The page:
In normal times, players would be reporting to Beckley this week for another summer of West Virginia Miners baseball. But since the world as we know it has ground to a halt, the Prospect League season has been postponed until July 1.
This summer would mark the Miners’ 10-year anniversary in the Prospect League. They made their debut June 3, 2010, losing 13-6 at Slippery Rock, then followed with their first victory, 6-4 at Butler the next night.
There have been plenty of victories since then — 317, to be exact. Along the way, the Miners made playoff appearances in seven of their first 10 seasons, played for five league championships and won it all in 2012, 2013 and 2016.
You don’t get that kind of success without having championship-caliber players, and the Miners have had no shortage of those. With that in mind, I took it upon myself to compile a West Virginia Miners All-Decade Team.
Research for this task has been enjoyable, conjuring up a lot of fun memories, but finalizing a team wasn’t easy. The list of players who left their mark is long, especially pitchers.
I narrowed it down to the players I felt made the biggest impact on the program at the time they played. So, here we go.
Jake Belinda, 2015-2016. The right-hander out of Lock Haven was a main cog in the Miners’ third league championship run. He went 5-1 with a 2.06 earned run average, struck out 69 and walked 25 in 52 1/3 innings and opponents hit just .177 against him. He held Kokomo to one run and four hits in a 10-2 win in the East Division playoffs.
David Hess, 2013. I went back and forth on including Hess because he did not pitch the entire season. But he was too dominant while he was here to be ignored. The current Baltimore Oriole started five games and was 4-0 with a 1.89 ERA. He struck out 48 and walked five in 38 innings pitched.
Jaesung Hwang, 2013. This was a struggle, too. Just like Hess, Hwang wasn’t around for the entire summer. It was good news for opposing batters when he left. The Lipscomb right-hander made seven starts and tossed three complete games, finishing with a 5-1 record and a Miners record 0.36 ERA. He struck out 44 and walked five in 50 2/3 innings.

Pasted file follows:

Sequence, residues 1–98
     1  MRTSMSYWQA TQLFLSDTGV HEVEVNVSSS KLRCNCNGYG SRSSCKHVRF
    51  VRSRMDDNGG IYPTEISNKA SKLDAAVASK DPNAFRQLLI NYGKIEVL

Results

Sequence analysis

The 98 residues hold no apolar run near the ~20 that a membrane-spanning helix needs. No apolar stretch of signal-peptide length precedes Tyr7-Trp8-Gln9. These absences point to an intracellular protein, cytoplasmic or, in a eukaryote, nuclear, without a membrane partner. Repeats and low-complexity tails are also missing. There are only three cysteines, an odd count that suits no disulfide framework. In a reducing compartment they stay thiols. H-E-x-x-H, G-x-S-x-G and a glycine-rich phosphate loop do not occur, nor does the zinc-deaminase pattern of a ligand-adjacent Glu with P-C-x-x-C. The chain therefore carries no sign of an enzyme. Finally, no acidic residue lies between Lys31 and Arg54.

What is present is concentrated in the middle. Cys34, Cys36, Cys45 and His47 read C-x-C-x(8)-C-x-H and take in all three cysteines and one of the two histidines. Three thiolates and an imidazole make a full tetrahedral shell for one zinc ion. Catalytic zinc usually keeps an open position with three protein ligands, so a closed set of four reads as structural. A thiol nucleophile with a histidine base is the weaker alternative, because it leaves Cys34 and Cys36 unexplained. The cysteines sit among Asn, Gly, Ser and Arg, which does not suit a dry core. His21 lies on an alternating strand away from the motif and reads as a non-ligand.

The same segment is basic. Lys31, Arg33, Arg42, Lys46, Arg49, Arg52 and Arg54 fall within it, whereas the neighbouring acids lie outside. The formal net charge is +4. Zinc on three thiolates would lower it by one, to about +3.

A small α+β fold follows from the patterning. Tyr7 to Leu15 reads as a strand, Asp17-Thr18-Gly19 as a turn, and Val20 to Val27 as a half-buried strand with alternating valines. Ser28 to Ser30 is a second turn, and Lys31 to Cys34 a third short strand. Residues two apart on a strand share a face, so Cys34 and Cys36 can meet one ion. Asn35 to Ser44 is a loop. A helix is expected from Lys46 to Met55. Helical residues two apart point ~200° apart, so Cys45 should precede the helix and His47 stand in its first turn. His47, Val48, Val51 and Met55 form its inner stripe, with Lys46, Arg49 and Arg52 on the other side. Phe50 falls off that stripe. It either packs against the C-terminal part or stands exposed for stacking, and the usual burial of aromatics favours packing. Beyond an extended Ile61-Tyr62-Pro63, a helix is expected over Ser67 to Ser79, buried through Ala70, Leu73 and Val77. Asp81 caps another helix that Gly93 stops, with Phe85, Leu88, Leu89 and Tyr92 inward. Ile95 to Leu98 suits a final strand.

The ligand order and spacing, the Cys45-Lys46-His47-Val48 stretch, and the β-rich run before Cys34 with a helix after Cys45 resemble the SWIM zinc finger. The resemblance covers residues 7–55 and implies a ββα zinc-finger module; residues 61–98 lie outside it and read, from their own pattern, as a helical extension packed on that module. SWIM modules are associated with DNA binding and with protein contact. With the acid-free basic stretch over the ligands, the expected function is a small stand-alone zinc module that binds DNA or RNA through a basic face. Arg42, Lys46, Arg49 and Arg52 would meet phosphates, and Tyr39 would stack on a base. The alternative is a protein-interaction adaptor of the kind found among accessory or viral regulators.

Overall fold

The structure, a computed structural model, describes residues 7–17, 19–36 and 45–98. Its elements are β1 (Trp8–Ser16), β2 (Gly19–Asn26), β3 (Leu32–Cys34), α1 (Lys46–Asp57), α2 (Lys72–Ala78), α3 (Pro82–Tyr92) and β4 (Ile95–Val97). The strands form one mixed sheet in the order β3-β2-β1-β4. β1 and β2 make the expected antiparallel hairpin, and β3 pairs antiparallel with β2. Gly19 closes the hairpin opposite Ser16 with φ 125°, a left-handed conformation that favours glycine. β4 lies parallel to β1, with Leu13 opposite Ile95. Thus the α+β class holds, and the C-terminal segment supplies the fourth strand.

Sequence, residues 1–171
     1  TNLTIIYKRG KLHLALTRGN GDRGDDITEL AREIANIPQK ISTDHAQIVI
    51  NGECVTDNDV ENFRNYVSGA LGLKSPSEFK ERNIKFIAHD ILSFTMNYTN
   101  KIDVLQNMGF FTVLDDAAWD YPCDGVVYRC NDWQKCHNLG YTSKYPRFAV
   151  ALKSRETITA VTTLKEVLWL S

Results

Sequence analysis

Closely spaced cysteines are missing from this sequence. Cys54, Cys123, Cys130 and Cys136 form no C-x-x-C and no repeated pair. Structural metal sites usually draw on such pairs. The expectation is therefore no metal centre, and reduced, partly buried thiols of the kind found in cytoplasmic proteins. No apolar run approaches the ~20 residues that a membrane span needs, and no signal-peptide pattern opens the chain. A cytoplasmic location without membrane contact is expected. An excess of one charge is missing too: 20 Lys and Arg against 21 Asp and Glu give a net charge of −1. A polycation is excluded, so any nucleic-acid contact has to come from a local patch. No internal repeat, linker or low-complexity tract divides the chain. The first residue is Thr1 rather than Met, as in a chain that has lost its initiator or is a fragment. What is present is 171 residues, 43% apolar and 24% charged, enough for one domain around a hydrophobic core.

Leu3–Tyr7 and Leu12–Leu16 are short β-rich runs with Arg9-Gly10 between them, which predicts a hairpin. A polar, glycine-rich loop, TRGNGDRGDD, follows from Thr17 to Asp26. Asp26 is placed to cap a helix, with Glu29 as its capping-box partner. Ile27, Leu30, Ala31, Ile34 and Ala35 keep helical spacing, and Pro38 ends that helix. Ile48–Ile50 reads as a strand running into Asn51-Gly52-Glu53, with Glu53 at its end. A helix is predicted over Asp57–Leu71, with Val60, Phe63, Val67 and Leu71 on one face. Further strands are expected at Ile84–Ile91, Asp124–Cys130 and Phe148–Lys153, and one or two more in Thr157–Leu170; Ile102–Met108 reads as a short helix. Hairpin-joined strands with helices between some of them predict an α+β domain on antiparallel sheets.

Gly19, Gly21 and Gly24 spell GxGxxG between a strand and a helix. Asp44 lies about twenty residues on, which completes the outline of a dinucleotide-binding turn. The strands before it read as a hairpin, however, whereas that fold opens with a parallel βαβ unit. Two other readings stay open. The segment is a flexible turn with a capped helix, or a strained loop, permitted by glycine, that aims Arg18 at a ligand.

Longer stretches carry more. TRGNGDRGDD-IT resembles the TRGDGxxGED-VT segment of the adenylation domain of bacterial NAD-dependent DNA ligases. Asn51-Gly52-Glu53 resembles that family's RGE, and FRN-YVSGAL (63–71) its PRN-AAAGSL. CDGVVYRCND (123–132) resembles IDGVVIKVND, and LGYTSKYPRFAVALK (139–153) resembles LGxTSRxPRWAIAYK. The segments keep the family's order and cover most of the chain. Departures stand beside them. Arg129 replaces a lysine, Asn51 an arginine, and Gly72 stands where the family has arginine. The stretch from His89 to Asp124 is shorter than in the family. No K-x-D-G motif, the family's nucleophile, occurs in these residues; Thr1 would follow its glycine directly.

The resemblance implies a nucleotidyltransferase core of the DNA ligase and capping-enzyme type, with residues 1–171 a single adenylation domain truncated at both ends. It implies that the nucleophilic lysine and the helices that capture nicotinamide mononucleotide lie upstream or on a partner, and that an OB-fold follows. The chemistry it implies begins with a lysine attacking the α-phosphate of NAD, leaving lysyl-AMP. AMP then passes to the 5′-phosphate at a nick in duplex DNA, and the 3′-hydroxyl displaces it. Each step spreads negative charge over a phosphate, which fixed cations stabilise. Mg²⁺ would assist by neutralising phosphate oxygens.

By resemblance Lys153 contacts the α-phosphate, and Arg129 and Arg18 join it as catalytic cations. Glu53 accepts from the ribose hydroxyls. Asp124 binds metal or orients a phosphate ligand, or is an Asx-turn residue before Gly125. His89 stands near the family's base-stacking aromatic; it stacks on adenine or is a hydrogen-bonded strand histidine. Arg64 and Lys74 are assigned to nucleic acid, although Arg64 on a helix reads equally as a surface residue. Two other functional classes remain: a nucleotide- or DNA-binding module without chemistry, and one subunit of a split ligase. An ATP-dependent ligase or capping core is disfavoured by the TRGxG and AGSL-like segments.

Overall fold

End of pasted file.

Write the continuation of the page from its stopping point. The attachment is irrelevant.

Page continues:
Sam Lewis, 2012. There are two no-hitters in Miners history, and Lewis owns them both. He did it in the season opener against Slippery Rock, then again at Lorain County. He made his last appearance one to remember, striking out a team-record 18 batters in a complete-game 4-2 win over Dubois County in the first game of the league championship series.
Mike Syrett, 2016-2017. Syrett was also big for the 2016 title team, setting a Miners record for wins in a season without a loss with six. He struck out six and walked one and held Kokomo to an unearned run and four hits in a complete-game 3-1 win in the first game of the East Division playoff series.
Dean Wolosiansky, 2010. The first great pitcher of the franchise, Wolosiansky was named the Prospect League Pitcher of the Year in the Miners’ inaugural season. He was 5-1 with a league-best 1.19 ERA, striking out 54 and allowing 44 hits over 68 innings.
Hunter Brothers, 2012. The brother of former Major League reliever Rex Brothers was huge in the team’s run to its first championship. He had 40 strikeouts to 10 walks and converted seven saves in the regular season, then stepped up in a solid start against Chillicothe in a sudden death playoff win.
Chris Metrick, 2016-2018. The Beckley native was perhaps the biggest surprise of the Miners’ first 10 seasons. His top season was 2017, when he was 4-0 with eight saves and a 1.33 ERA. His most memorable outing came in the 2016 title clincher at Quincy, when he entered in the eighth inning with the game tied 6-6. He pitched three scoreless innings, allowing one hit, striking out eight and walking one. The Miners went on to win 9-6 in 11 innings.